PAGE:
The little known history of the iconic Centre Street Lions

Aug 24 2018, 8:07 pm

The lions of the Centre Street Bridge have brought a European-style class to Calgary since they were unveiled in 1916 with two facing north and two facing south.

While these statues appear to be a constant in Calgary ever since that time, they have actually had an interesting and storied history.

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Originally, the huge costs of Centre Street Bridge meant that there was going to be no decoration of any kind on it — in the interest of saving money.

However, when a city alderman discovered that a beautiful stone lion in front of a home in the northwest was built by a Scottish stonemason named James L Thompson, who worked as a city labourer, it was decided that he would be temporarily reassigned to create lions for the bridge.

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Thompson decided to model the cats after bronze lions found at the base of Nelson’s Column in London’s Trafalgar Square, and spent the winter of 1916 in a shed near the bridge working on his 12,600-kilogram sculptures.

Not only did he create the lions, but Thompson sculpted the ornaments around the lions with imagery to pay respects to the city’s background, with roses for England, shamrocks for Ireland, thistles for Scotland, maple leaves for Canada, and bison heads for the west.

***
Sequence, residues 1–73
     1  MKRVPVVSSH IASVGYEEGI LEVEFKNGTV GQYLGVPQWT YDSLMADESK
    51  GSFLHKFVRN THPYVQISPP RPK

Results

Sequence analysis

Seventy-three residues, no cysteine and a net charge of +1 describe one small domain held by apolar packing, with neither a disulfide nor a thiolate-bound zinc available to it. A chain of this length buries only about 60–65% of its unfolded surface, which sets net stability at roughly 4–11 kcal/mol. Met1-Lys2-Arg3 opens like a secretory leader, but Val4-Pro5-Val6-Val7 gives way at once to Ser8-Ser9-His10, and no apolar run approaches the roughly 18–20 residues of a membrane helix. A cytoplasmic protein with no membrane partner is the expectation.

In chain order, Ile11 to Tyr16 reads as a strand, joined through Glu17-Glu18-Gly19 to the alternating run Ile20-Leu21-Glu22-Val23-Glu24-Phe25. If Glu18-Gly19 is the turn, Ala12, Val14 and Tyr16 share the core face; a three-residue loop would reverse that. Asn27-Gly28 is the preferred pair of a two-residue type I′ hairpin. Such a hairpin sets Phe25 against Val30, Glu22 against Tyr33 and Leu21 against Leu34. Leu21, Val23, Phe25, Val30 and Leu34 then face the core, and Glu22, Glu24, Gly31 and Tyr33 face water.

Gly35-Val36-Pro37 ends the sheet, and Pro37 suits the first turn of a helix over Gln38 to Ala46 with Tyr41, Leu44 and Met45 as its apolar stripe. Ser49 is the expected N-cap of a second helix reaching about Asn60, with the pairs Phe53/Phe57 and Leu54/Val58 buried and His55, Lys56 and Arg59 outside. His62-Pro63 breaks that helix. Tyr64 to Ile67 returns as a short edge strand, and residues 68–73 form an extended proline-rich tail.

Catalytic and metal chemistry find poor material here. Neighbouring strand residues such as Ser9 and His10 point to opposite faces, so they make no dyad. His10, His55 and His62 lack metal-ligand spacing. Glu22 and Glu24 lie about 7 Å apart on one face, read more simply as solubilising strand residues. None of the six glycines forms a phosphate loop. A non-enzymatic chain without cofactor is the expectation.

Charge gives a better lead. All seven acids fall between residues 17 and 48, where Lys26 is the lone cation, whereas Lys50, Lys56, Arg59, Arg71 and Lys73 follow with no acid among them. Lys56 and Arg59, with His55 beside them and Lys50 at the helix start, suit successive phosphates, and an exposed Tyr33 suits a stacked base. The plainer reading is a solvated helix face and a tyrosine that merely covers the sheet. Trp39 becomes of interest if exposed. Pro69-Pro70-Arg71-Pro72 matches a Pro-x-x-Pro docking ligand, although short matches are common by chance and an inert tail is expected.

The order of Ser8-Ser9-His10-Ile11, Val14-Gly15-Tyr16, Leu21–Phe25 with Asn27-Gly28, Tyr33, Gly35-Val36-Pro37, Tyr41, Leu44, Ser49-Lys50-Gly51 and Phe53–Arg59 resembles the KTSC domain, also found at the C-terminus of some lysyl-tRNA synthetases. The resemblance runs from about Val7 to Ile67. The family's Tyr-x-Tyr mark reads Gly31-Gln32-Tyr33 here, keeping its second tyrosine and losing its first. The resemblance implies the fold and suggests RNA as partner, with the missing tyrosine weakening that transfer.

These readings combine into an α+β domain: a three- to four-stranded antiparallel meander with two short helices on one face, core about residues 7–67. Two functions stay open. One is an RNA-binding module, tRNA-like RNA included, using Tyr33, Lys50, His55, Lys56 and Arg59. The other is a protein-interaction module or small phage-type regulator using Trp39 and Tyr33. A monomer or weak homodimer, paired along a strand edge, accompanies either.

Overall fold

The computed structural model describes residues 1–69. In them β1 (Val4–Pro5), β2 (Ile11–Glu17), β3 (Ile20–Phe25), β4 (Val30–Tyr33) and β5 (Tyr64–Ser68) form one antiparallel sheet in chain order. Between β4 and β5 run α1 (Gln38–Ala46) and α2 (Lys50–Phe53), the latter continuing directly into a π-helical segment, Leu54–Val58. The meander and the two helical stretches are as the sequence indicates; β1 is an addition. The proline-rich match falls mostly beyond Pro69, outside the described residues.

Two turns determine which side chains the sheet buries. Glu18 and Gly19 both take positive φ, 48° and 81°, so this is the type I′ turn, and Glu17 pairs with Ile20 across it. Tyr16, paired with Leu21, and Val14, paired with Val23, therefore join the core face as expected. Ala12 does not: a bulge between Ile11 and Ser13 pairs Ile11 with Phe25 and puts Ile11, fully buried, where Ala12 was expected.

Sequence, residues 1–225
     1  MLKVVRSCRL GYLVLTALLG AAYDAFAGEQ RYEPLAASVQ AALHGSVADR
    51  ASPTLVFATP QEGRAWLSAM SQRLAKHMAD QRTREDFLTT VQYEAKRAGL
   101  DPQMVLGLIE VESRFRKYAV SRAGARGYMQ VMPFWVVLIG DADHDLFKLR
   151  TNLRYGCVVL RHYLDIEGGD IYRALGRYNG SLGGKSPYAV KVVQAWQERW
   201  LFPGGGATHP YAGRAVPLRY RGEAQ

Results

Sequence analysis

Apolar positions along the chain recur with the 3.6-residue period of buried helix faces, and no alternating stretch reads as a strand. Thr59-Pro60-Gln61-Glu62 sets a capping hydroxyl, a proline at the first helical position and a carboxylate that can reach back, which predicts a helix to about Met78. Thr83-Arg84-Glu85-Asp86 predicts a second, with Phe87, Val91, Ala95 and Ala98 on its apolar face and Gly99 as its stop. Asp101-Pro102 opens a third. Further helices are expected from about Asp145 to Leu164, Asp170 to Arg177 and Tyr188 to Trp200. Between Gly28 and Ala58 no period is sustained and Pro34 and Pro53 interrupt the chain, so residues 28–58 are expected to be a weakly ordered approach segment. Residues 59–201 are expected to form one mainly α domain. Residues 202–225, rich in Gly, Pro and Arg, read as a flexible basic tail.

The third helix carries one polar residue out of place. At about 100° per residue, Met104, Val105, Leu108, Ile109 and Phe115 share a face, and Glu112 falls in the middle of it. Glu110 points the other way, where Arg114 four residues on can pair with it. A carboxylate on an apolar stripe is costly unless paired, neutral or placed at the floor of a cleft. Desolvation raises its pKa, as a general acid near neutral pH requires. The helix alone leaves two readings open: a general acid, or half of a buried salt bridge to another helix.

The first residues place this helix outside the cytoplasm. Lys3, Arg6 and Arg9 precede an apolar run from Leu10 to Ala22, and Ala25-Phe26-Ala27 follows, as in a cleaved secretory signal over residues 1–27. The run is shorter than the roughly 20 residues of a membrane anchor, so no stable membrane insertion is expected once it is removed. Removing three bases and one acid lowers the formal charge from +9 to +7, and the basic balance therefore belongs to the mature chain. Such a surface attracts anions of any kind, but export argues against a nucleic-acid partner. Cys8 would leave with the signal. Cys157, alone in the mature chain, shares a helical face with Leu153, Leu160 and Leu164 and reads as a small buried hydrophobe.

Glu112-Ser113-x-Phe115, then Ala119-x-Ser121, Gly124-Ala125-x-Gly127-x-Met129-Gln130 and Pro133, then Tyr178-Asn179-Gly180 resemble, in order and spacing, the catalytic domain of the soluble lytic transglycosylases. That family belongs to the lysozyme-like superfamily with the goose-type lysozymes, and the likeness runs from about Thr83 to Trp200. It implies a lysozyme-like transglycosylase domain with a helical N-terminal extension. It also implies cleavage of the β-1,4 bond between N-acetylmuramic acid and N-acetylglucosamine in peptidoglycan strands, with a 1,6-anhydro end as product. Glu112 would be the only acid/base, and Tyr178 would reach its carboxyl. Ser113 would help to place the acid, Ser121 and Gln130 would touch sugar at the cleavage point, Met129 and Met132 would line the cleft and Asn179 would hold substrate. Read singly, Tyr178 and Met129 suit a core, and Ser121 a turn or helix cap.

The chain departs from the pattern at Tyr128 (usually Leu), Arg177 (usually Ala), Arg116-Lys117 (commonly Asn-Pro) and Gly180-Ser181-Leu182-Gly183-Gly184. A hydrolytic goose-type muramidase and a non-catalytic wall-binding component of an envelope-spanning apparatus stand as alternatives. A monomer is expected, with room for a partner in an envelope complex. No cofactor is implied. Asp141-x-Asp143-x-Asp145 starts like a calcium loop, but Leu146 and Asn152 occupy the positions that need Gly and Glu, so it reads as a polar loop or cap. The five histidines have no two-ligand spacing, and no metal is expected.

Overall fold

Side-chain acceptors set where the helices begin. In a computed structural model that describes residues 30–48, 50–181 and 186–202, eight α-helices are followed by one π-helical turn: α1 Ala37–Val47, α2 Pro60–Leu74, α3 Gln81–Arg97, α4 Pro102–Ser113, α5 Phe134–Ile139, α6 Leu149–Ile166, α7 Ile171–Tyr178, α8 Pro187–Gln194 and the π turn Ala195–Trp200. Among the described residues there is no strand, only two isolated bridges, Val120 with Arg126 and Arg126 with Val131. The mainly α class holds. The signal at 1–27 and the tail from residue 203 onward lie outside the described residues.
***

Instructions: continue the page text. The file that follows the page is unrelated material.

Since their unveiling, the Centre Street lions have been exposed to Calgary’s harsh freeze-thaw cycles and near-constant vibration from street traffic. This has caused them to become more and more fragile with each passing year.

In 1992, the Centre Street Bridge and its associated statues became a Municipal Historic Resource, and the next year, the lions became part of the Public Art Collection.

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By 1999, Centre Street Bridge was closed for serious renovations, and the lions were moved to have their condition assessed. After which, it was discovered that none of the original lions were fit to be reinstalled on the bridge, but that the southwest lion was in the best condition.

The Calgary Heritage Authority recommended to the city that this lion be fully restored and used to make a cast mould, which could be used to create four new statues to replace the originals on Centre Street Bridge.

The fully restored southwest lion now has a home at the entrance of the Calgary Municipal Building.

There are two more of the original lions that are currently being kept in storage to keep them safe from the elements. While still intact, they are very frail, so careful movement and preservation solutions are being looked into by the city.

Lucas TaylorLucas Taylor

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